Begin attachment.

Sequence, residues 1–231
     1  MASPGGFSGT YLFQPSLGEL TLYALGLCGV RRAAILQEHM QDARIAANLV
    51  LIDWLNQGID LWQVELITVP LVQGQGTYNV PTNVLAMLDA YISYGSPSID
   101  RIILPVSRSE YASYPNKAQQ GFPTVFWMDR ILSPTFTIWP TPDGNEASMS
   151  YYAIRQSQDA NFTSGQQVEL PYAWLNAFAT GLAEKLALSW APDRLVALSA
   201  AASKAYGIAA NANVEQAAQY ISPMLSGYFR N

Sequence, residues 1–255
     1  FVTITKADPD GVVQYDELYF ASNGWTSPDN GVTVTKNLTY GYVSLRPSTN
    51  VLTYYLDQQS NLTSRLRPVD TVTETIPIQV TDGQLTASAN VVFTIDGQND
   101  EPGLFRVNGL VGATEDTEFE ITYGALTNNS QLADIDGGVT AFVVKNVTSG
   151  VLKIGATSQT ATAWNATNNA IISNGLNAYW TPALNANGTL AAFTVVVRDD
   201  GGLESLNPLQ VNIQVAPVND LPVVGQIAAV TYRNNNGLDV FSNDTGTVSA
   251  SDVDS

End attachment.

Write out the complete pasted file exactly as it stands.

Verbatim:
Sequence, residues 1–231
     1  MASPGGFSGT YLFQPSLGEL TLYALGLCGV RRAAILQEHM QDARIAANLV
    51  LIDWLNQGID LWQVELITVP LVQGQGTYNV PTNVLAMLDA YISYGSPSID
   101  RIILPVSRSE YASYPNKAQQ GFPTVFWMDR ILSPTFTIWP TPDGNEASMS
   151  YYAIRQSQDA NFTSGQQVEL PYAWLNAFAT GLAEKLALSW APDRLVALSA
   201  AASKAYGIAA NANVEQAAQY ISPMLSGYFR N

Sequence, residues 1–255
     1  FVTITKADPD GVVQYDELYF ASNGWTSPDN GVTVTKNLTY GYVSLRPSTN
    51  VLTYYLDQQS NLTSRLRPVD TVTETIPIQV TDGQLTASAN VVFTIDGQND
   101  EPGLFRVNGL VGATEDTEFE ITYGALTNNS QLADIDGGVT AFVVKNVTSG
   151  VLKIGATSQT ATAWNATNNA IISNGLNAYW TPALNANGTL AAFTVVVRDD
   201  GGLESLNPLQ VNIQVAPVND LPVVGQIAAV TYRNNNGLDV FSNDTGTVSA
   251  SDVDS